Current Issue
This Month's Print Issue

Follow Fast Company

We’ll come to you.

The Oven's Sick Joke: Bad Design = Burnt Pizza

Did you ever stay with a friend or relative and, while there, need to use their microwave or oven? How did it go? Was it easy, confusing, frustrating, enraging? Did you figure it out for yourself or did you have to ask for instructions? What about their bathroom? Did you happen to use that, too? How'd that go? Did you figure it out or did you have to ask for instructions?

Over the winter holidays, my family and my son's two friends spent time in a rental house in the Lake Tahoe area. On the evening of our arrival, we decided to pick up pizza on our way to the house. We finally got to our destination, threw our gear inside, and the boys immediately headed outside to build a snowboard ramp. It was vacation, so we decided dinner could wait. My wife volunteered to go back into town and stock up on provisions.

That left me alone with two large pizzas and a green salad. I wasn't sure when the boys would be back in for food, so I put the salad in the refrigerator and decided to keep the pizzas warm in the oven. The rental was recently renovated with a new kitchen and new appliances.

I approached the oven. This was a sleek wall oven, with stainless steel and black glass. I looked for a second, found the "on" button and pressed it, illuminating the multi-function control panel. There were a variety of settings and options such as "turbo bake" and "convection rotisserie," but I decided to go for the simple route and adjusted the temperature to a low setting. After all, I was just trying to keep pizza warm.

We had just arrived and I hadn't had time to track down the usual cooking tools so, after unsuccessfully looking for a pizza pan for about 10 seconds, I decided just to put the pizza boxes directly into the oven. Okay, I know this is dumb (‘bet you've done it, too) but I had set the oven temperature to 200 degrees—far below the kindling point of paper—and I figured it would be fine.

My phone started ringing; someone from my office was trying reach me. I answered, but the connection was spotty, so I walked up the stairs where the reception was a little bit better, and talked for about 25 minutes. Suddenly the smoke alarm sounded. I ran back down the stairs to find the kitchen full of smoke... the pizzas! I quickly removed the smoldering boxes and threw them on the stove top. Our pizza dinner was a charred ruin.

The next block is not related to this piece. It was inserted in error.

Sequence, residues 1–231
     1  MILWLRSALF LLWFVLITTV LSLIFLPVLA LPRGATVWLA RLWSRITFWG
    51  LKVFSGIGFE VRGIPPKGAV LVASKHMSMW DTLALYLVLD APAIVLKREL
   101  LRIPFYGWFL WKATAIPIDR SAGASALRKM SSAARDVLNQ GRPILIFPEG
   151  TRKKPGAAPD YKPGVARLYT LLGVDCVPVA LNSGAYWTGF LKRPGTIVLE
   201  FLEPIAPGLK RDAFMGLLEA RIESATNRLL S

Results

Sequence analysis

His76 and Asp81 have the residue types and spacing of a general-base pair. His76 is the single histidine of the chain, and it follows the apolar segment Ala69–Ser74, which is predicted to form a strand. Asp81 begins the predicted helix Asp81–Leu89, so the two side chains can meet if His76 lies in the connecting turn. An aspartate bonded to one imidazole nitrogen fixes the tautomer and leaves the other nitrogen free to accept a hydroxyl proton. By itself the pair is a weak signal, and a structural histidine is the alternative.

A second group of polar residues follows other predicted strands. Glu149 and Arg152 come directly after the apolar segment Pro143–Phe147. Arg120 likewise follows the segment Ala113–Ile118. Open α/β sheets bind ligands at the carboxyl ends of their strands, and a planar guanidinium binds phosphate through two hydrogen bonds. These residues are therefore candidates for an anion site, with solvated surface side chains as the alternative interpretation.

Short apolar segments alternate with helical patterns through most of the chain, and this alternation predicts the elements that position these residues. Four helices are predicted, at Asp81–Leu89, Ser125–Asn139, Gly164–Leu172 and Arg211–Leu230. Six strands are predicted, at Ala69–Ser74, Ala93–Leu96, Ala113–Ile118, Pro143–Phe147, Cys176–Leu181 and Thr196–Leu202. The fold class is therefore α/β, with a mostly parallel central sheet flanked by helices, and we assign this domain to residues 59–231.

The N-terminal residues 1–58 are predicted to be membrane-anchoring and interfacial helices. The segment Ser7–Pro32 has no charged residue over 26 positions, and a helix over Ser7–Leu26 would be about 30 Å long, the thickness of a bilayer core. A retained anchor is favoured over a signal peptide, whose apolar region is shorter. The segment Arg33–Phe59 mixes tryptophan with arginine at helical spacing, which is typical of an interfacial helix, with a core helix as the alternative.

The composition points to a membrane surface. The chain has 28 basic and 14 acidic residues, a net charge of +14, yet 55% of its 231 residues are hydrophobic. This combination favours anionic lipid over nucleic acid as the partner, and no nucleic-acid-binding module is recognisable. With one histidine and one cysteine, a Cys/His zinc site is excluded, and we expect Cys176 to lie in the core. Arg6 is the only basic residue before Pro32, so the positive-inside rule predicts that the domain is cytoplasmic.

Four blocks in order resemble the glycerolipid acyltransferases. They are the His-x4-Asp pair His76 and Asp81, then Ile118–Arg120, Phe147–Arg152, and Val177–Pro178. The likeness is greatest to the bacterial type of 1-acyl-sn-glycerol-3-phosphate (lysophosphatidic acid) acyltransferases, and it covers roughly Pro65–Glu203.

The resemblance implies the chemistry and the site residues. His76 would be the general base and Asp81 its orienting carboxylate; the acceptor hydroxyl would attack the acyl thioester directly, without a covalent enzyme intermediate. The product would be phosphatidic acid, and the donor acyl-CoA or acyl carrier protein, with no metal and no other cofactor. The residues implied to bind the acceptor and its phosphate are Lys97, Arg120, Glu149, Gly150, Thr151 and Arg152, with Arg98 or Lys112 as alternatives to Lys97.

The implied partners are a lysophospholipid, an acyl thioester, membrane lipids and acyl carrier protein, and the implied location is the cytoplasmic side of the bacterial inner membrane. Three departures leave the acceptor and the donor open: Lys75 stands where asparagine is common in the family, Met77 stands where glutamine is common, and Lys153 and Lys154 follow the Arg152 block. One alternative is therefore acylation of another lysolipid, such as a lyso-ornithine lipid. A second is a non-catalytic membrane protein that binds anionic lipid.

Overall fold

I went back to look at the oven—200 degrees. What went wrong? Turns out that in the lower left corner of the display panel (far away from the 200 degree indicator) was an illuminated small letter "c". Yep, Celsius. I only figured it out after finding the user manual for the stove, which the homeowner had stowed in a drawer labeled appliance manuals. Why was the oven was set to Celsius not Fahrenheit? Beats me. Maybe that was the default setting; maybe it was a European oven; maybe the owners of the rental house set it that way to be funny. I really don't know. All I know is that it certainly wasn't evident to me… and instead of warming the pizzas to a toasty 200F, I had scorched them at 200C, the equivalent of about 400 degrees F.


Modern Built-in Oven with flush control panel (no knobs). Not necessarily the oven in my story.


The control panels can get very confusing, especially for a first time user.


This oven wants me to push it. Hey, that's too much work! I just want to keep the pizza warm.

So who cares? I burned pizza and almost started a fire; no big deal, it happens every day. Here's the point: As products get smarter, people are forced to get smarter too, just to use them. For many of today's products, it takes more time and a greater level of attention to perform the simplest tasks. These products can save time, but they can suck time, too. I can understand that if you buy a new appliance it may take some level of involvement to learn about the advanced functions, but basic operations should be obvious and intuitive. This is the acid test for good design. And it's not necessarily just about an object's physical design; it's about how we operate products, how we interact and engage with them that makes the difference.

Unlike a personal cell phone, most household products, from kitchen appliances to entertainment systems to bathroom fixtures, are "we" products used by all members of the family, as well as guests and visitors. They should be designed with that in mind. Today, products are becoming more and more advanced, multi-functional, and connected. So for now, when visiting friends or family you probably don't have to ask how to operate their toilet, but give it a few years; that time may be coming soon.

My wife returned with the supplies and I went back out to get more pizza. I left the operation of the TV and entertainment system to the teenage boys. The vacation was off to a relaxing start.

How have "we" products stymied you? Did you ever have to ask how to operate a toilet? Tell me your story.

Read more of Tom Dair's SmartDesign blog

Tom Dair, co-founder and president of Smart Design, runs the company's San Francisco office. He directs the firm's Insights and Strategy discipline, where he has pioneered techniques for achieving better design through an understanding of user behavior, business factors, and technology trends.

Dair holds 19 patents for products ranging from complex medical devices to children's toothbrushes. His designs have won a variety of awards and are featured in a number of museum collections.